A MOTHER is calling for young women to be given smear tests after they’ve had children.

Natassja Hall, 24, wants urgent changes to a screening programme which risks young women’s lives.

Her call comes after her own battle – last year she was told she had “severe cancerous cells.”

She’s just been given the all clear but faces tests every six months.

And her plea came on the day it was revealed that there has been a 19% annual rise in the number of women diagnosed with serious cell changes that could develop into cervical cancer.

Natassja, from Almondbury, said: “It seems to make so much sense but those in positions of power to be able to do something aren’t listening.

“Even if women who had children were offered smear tests it would be a step forward.”

Currently regular testing starts at 25, even if younger the women have had children.

Natassja is a mother-of-two and it was after she had her son she began to feel pain. She insisted on having a smear test and that’s how her cancerous cells were discovered.

She has now launched a petition calling for the age for cervical screening to be lowered and wants the people of Huddersfield to back her.

Health experts believe the death of TV star Jade Goody in 2009 has fuelled a rise in the number of young women in England getting checked out for the disease.

Figures from the Office for National Statistics (ONS) show the biggest increase in diagnosis for serious cell changes between 2008 and 2009 was among young women aged 15 to 19, and those aged 25 to 29.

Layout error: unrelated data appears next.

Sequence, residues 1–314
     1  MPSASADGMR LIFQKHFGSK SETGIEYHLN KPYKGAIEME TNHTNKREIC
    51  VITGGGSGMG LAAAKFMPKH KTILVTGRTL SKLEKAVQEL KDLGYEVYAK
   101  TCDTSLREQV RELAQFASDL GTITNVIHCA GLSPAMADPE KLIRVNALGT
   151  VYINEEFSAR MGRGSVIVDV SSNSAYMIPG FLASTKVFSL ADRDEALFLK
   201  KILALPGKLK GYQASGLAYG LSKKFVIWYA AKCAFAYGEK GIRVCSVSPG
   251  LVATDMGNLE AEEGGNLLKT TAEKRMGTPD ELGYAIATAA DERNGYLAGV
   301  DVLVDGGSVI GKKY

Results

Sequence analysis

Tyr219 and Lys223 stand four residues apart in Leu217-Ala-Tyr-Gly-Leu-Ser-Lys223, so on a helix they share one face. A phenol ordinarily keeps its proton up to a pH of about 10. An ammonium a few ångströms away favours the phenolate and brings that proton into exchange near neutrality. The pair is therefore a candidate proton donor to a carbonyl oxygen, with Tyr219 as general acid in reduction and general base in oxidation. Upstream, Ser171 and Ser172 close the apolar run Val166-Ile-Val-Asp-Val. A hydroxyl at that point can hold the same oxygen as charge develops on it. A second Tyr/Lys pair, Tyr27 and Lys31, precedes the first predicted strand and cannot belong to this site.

Women under 25 are not currently included in the NHS cancer screening programme for England, despite screening being offered to the under-25s in Scotland and Wales.

Jessica Harris, senior health information officer at Cancer Research UK, said: “A slightly higher number of women went for cervical screening in 2009, which could help to explain why more women have been diagnosed with severe changes that could develop into cancer.

“When the pre-cancerous changes are diagnosed, they are treated, which can then prevent cervical cancer from developing.

“Cancer Research UK encourages women to take up their screening invitations when they receive them.”

Meanwhile, Natassja faces another scan in August and then every six months thereafter.

But she also wants to use her experience to highlight the issue among other women, especially young mothers.

To support her cause visit:


ABOUT 1,000 women die of cervical cancer in the UK every year.

Experts estimate screening saves at least 4,500 lives a year in England  alone.

The ONS figures show a 19.2%  increase in cases of carcinoma in situ of the cervix for women of all ages.

This  means the full thickness of the surface layer of the cervix is affected by serious cell changes, requiring prompt treatment.

In 2009 there were 27,438 cases of  carcinoma in situ and a rate of 110.3  women per 100,000 population. This  compares with 23,023 cases and a rate  of 92.5 females per 100,000 population  in the previous year.

The ONS data also revealed there were 134,636 new cases of cancer registered for men in England in 2009,  up 6,533 (5.1%) on the previous year.

There were 130,043 new cases for  women, up 3,337 (2.6%).

For men, the three most common cancers were prostate, lung and bowel cancer, and breast, lung and